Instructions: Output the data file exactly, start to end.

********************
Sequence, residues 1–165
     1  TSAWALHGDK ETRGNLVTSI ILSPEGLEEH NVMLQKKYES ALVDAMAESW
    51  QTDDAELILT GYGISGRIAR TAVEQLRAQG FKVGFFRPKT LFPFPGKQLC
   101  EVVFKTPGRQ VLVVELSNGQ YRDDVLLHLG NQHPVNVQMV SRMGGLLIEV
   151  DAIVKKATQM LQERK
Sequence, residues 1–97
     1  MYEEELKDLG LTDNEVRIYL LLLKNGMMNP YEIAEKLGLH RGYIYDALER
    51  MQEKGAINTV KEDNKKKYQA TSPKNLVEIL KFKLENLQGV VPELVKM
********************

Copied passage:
Sequence, residues 1–165
     1  TSAWALHGDK ETRGNLVTSI ILSPEGLEEH NVMLQKKYES ALVDAMAESW
    51  QTDDAELILT GYGISGRIAR TAVEQLRAQG FKVGFFRPKT LFPFPGKQLC
   101  EVVFKTPGRQ VLVVELSNGQ YRDDVLLHLG NQHPVNVQMV SRMGGLLIEV
   151  DAIVKKATQM LQERK
Sequence, residues 1–97
     1  MYEEELKDLG LTDNEVRIYL LLLKNGMMNP YEIAEKLGLH RGYIYDALER
    51  MQEKGAINTV KEDNKKKYQA TSPKNLVEIL KFKLENLQGV VPELVKM